Placing judgement on a group of individuals is not at all the purpose of this article. Instead the criticism of a vetting system that failed the family of a toddler along with unsuspecting student-athletes is the main point of this piece.
If the reader has not heard by now, there is a pitcher from Oregon State by the name of Luke Heimlech who was passed up by MLB teams during this year’s draft. Why did they pass on him? After researching his background they came across info that disclosed his guilty plea in a child molestation case. Now before we go and bash any coach or recruiting director on how an individual who did such a terrible act was able to take residence in a Oregon State uniform, the facts must be laid out. This act was committed before Heimlech was admitted to Oregon State and in the process of recruiting kids from high school, a crime of this sort could in fact be missed. But we are not focusing on the when or the why. We are looking at the how. Without claiming to be an on staff scout or recruiter for an NCAA university, I do have some idea on what they focus on when recruiting a potential prospect. These focuses usually include game day performance, grades, and behavior/attitude not necessarily in that order. While it seems almost impossible for an infraction such as child molestation to be missed on a prospect’s scouting report, figure what a person would go into a relationship looking for. Probably nice looks, good personality, and a good job. You usually assume that you a person doesn’t have mass murderer on their life resume or is a member of terrorist organizations. So would an unsuspecting coach see a hidden monster in a young man who has the athletic drive of a potential pro ball player, the innocent looks of Pee Wee Herman, and the personality of a paperboy? Probably not. Moreover a coach would likely see opportunity and have the concerns of his program in mind and miss a lot of the unseen flaws in a prospect. And for reasons of saving face, we all have made mistakes in our life and are still making them to date.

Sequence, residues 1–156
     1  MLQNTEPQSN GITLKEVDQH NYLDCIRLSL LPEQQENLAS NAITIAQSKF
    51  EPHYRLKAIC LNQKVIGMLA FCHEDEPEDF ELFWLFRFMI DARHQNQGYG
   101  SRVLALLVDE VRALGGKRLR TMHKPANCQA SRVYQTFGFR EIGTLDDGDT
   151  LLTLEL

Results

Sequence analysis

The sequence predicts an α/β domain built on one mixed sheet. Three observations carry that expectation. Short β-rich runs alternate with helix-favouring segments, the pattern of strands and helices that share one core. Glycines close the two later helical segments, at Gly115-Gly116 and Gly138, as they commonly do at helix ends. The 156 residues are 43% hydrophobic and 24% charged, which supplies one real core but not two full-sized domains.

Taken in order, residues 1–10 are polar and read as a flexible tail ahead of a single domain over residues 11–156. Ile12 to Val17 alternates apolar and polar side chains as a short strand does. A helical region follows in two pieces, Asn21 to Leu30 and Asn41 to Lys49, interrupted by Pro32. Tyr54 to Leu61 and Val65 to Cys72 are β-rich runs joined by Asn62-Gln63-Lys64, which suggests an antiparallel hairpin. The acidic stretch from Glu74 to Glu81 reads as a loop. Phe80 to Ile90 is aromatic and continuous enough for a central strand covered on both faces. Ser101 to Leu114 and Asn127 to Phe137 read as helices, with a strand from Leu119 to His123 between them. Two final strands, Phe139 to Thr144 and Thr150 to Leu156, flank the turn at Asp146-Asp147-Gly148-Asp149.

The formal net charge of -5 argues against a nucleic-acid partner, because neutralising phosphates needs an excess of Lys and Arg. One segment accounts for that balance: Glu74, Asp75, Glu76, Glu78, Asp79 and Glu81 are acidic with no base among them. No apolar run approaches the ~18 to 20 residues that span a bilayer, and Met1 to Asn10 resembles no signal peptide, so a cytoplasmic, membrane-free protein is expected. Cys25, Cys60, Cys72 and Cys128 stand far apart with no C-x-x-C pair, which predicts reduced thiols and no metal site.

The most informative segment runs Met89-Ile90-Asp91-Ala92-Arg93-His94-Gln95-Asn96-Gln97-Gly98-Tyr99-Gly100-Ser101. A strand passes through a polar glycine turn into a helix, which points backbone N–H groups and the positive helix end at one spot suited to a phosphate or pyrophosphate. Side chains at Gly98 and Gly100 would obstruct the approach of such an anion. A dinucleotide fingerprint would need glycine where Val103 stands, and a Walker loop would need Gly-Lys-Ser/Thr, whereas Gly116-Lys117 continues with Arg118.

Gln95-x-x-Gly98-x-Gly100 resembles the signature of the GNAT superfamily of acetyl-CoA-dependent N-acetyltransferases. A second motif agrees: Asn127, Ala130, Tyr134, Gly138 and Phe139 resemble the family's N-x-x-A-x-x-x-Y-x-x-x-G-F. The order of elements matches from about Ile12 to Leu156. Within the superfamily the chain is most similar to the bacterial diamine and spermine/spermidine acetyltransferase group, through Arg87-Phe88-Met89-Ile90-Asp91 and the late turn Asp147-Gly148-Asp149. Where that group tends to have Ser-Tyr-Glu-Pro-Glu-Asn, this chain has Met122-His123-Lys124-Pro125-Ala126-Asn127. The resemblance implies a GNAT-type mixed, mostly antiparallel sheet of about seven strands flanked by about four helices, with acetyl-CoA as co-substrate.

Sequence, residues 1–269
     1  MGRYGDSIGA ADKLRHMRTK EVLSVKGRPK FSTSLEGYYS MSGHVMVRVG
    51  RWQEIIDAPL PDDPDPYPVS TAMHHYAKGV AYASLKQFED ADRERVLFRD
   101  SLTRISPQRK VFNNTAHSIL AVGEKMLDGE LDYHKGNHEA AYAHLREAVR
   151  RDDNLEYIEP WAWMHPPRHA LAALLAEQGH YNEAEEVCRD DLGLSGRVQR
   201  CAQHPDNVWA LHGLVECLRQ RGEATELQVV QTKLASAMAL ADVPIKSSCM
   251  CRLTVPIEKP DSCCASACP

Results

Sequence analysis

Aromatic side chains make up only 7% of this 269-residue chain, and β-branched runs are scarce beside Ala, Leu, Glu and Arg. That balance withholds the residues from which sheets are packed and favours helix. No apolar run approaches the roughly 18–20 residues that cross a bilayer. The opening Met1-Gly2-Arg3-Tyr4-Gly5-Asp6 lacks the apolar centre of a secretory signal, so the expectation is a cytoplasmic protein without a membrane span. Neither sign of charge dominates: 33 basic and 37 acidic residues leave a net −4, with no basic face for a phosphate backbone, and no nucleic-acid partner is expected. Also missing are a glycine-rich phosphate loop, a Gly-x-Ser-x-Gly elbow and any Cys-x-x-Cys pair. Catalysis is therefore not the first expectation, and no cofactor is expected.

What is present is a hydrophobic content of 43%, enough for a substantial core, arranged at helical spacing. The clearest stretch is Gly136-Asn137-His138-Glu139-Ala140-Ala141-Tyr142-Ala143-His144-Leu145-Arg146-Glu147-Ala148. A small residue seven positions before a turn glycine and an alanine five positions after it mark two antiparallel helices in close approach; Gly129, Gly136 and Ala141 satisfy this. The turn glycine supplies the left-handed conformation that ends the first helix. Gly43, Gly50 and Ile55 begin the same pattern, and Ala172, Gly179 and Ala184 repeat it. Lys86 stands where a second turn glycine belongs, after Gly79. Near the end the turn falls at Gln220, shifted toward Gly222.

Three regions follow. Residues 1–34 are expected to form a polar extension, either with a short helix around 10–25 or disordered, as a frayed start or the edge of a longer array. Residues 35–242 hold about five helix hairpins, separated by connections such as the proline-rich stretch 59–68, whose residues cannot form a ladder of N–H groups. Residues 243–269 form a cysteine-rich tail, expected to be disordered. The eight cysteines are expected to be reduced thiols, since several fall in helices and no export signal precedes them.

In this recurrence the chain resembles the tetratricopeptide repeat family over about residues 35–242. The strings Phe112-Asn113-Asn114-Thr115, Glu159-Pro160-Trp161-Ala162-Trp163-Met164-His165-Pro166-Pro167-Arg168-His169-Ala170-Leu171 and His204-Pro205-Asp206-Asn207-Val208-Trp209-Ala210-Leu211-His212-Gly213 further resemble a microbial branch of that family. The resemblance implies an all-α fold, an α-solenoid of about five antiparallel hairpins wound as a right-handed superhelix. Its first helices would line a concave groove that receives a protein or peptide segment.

Let’s switch gears over to the prospect only to take it back to the staff at Oregon State later. This is a young man who admitted that he committed a heinous act and asked for the mercy of the court. There’s a saying that goes “two things are unforgivable and those are blasphemy against the Almighty and sexual assault against a child.” Now even if you don’t believe in the Almighty, you have to know that it is absolutely unacceptable to commit an act of such evil against a toddler. So what’s next? Do we sit here and throw stones at a young man who is already walking around with a cast out sign above his head not seen since the days of Cain and Abel, or do we look into the program that allowed him to represent it and other student-athletes. A re-trial of Luke Heimlech by a public empathetic to victims of sexual assault would be fruitless. The verdict is in and his act makes him a little more than a young man with a monster inside him and a little less than the monster itself.
But there’s still a big fat elephant in the room trying to hide behind a curtain of fault deflection. The Oregon State coaching staff has to pocket some of the guilt in terms of the cloud it put over the program. Who made the mistake of missing such a critical error in Heimlech’s past? Over-thinking critics will assume that the staff slid the crime under the table because the reward outweighed the risk. The prospect had so much upside that one bad decision such as molesting a child didn’t carry enough weight to keep him off the field. I guess an assumption within an assumption is a waste of time so we will error on the side of saying no human is that selfish to brush aside such an act in order to get a few more wins on their stat sheet. Bottom line is that someone dropped the ball in this one. No pun intended. This situation may not have the magnitude of the Jerry Sandusky ordeal in terms of the actual incident taking place in a team locker room. There are similarities though. Some how the vetting system at a major school failed the student-athlete body and the family of the victim. Chalk it up as one more scandal in a bucket of sports program scandals. The outcome of this will more than likely fall in the hands of a public that is already oversaturated with issues in sports. At the least we can commend the MLB for stopping this situation from snowballing even more. Imagine the public outcry if Heimlech would have continued playing in the college world series or the MLB? Love it or hate but in the end…it is what it is.